Chocolate Dreams - Luxury Watches
1 March, 2021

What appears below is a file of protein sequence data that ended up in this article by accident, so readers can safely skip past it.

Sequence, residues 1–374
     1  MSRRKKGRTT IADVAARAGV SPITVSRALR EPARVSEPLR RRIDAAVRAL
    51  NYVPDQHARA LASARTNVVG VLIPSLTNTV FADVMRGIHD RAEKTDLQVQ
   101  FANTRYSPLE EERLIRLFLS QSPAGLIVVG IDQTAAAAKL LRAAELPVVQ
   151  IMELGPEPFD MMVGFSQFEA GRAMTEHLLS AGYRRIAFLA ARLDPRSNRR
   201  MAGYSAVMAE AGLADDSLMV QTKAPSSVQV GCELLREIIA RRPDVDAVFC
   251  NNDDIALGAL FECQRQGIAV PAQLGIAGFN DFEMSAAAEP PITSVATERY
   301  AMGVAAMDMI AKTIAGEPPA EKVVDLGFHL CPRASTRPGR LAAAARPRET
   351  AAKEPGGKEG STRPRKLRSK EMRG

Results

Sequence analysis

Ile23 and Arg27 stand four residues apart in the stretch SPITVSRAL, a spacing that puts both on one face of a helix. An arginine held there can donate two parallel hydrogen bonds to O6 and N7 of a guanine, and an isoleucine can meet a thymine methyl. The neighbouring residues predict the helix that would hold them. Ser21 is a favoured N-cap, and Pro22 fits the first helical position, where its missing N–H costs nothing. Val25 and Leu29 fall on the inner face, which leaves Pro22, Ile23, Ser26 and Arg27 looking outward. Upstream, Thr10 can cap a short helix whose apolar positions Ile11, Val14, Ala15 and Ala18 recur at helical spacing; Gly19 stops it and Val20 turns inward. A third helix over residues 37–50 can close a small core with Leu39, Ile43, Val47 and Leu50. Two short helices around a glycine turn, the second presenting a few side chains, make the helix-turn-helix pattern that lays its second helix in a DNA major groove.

There's a reason why timepieces with brown dials haven't developed as a universal offering from watch brands in the same way other colorways have. The popular blue and green looks that we've seen proliferate over the past few years are able to offer a lively interpretation of time with their attractive polychromatic hues. Black and white, on the other hand, rely on a more traditional achromatic design that can be dressed up or down with ease. Brown, somewhere in the middle of all these more flexible options, is dependent on its subdued, warm tone to stand out and requires some extra effort to match with an outfit. However, this also stands for why brown-dialed watches are so unique and, slowly but surely, we're starting to see the gradual growth of this field among watch enthusiasts of all levels. Here is our list of six watches from the past few years that use chocolate-colored dials so sumptuous you might find yourself wanting to take a bite. H. Moser & Cie. Coming on a rubber strap, the H. Moser Pioneer Center Seconds offers a sportier take on the brand's more traditional fume dials. The case is constructed from 18k rose gold and features black DLC titanium accents. The dial itself is described as "red gold fume," but on our end, it looks more like the mocha color of a steaming hot cup of coffee mid-stir. Thankfully, there's no date window to disrupt the symmetry of the dial. Powering the watch is the self-winding manufacture movement HMC 230. Its main highlight is a pawl-winding system that is powered by an oscillating weight that can wind in both directions, providing a power reserve of up to three days. It also features an original Straumann hairspring. Price: $19,900. Vacheron Constantin No stranger to warm tones, Vacheron Constantin originally released this model (Ref. 4500V/1110A-B146) when it was revamping the popular Overseas line in 2016. While there was a brown-dialed chronograph accompaniment, this time-and-date-only version stuck with us thanks to its attractive sunburst dial finish and the timeless proportions of its stainless-steel case at 41 mm by 11 mm. Many regard the Vacheron Constantin Overseas as a contender for the greatest sports watch of all time thanks to its history, dating back to the Ref. 222 that was first seen in 1977, and its comprehensive blend of substance and style. The Ref. 4500V/1110A is a worthy bearer of this legacy with a touch of refinement thanks to its cafe au lait coloring. Inside the watch, the automatic manufacture Caliber 5100 offers a 60-hour power reserve and reliability ensured by the Geneva Seal. Price: $20,400. Seiko While Seiko's more luxury-focused sibling, Grand Seiko, released a 20th-anniversary, limited-edition watch with a mosaic brown dial (SBGR311G) at Baselworld this year, our focus is on a more accessible, but equally intriguing, watch released by Seiko in 2017. The Seiko Presage Cocktail Time was initially a series of eight watches that included this caramel-colored version (SRPD46J1) inspired by the "Manhattan" cocktail. The dial recalls a birds-eye view of a cocktail glass with its ridged edges applying a sort-of ripple effect. Seiko says that each dial receives seven layers of gloss finish to achieve its shimmering appearance. At 3 o'clock, there's a small, color-matching date window. The stainless-steel case comes in at 40.5 mm and has a polished finish. The best part of it all? The Seiko Cocktail Time SRPD46J1 is priced at only $425. Zenith The Zenith Elite Chronograph Classic is one of the more underrated Zenith releases of the past five years. This subtle addition to the Elite line utilizes an update to the iconic El Primero chronograph movement and was released alongside a number of other color options in 2016. With its pale – almost taupelike – polished brown dial, open registers at 3 and 9 o'clock, and concave, rectangular pushers, this classical design invited heaps of praise for its subdued appearance when it was first unveiled but has remained on the horological periphery ever since. As one of the few brown watches that leans less heavily on a chocolate tint and more on a wood-like tone, we'd love to see additional brands apply similar "less is more" stance. Price: $14,400. Urban Jürgensen Urban Jürgensen produces some of the most attractive and elaborate time-only watches on the market today. The Reference 1140L RG Brown Limited Edition released at Baselworld 2018 is further proof of that. A walnut brown dial contrasts with the finely blued hands to create a sumptuous tone. Arabic numerals made of solid rose gold are hand polished and appear as if they're floating on the dial's surface. A masterfully guilloched dial, cross-hatched small seconds, and teardrop lugs (which have been individually forged and soldered, heat treated and hand-polished) elevate the whole dial architecture. This limited-edition watch is the latest update to the Ref. 1140 series that has seen a variety of dial colors and case materials since its initial inception a few years ago. Last year, we saw the limited-edition Ref. 1140 make an appearance in platinum with a velvety blue dial. This year, the chocolate hue is a distinct diversion into warmer colored territory that really hammers home the level of handcraft going into each Urban Jürgensen timepiece. Inside the watch is the hand-decorated Urban Jürgensen in-house P4 Caliber with Swiss Lever Escapement, a twin barrel and a 72-hour power reserve. Limited to 20 total pieces, the 40-mm timepiece comes on an alligator leather strap with a solid rose-gold folding buckle and clasp. It's priced at CHF 29,900. Omega Another model released in 2016 is this take on Omega's Seamaster Planet Ocean line with a Sedna gold case that, at the time of release, was billed as a ladies' watch. Sized at 39.5 mm, we think this is a watch that can effortlessly bound between the barriers of gender and could be perfect fo sharing between a husband and wife. While the design and layout of this watch are similar to previous Planet Ocean iterations, the movement used here was the real distinguishing factor. For the first time in the Planet Ocean lineup, Omega used a Master Chronometer designated caliber. Visible through the watch's exhibition caseback, Caliber 8801 received the brand's METAS certification and boasted anti-magnetic properties up to 15,000 gauss. The 39.5 mm sizing was also a new availability for Omega (who previously offered a unisex Planet Ocean option at 42 mm). The usage of the proprietary Sedna gold alloy for the case, buckle and indexes was a good choice as well, effectively complementing the attractive, mahogany-brown dial and brown leather strap with rubber lining. Did we mention it's waterproof to 600 meters? Price: $21,000.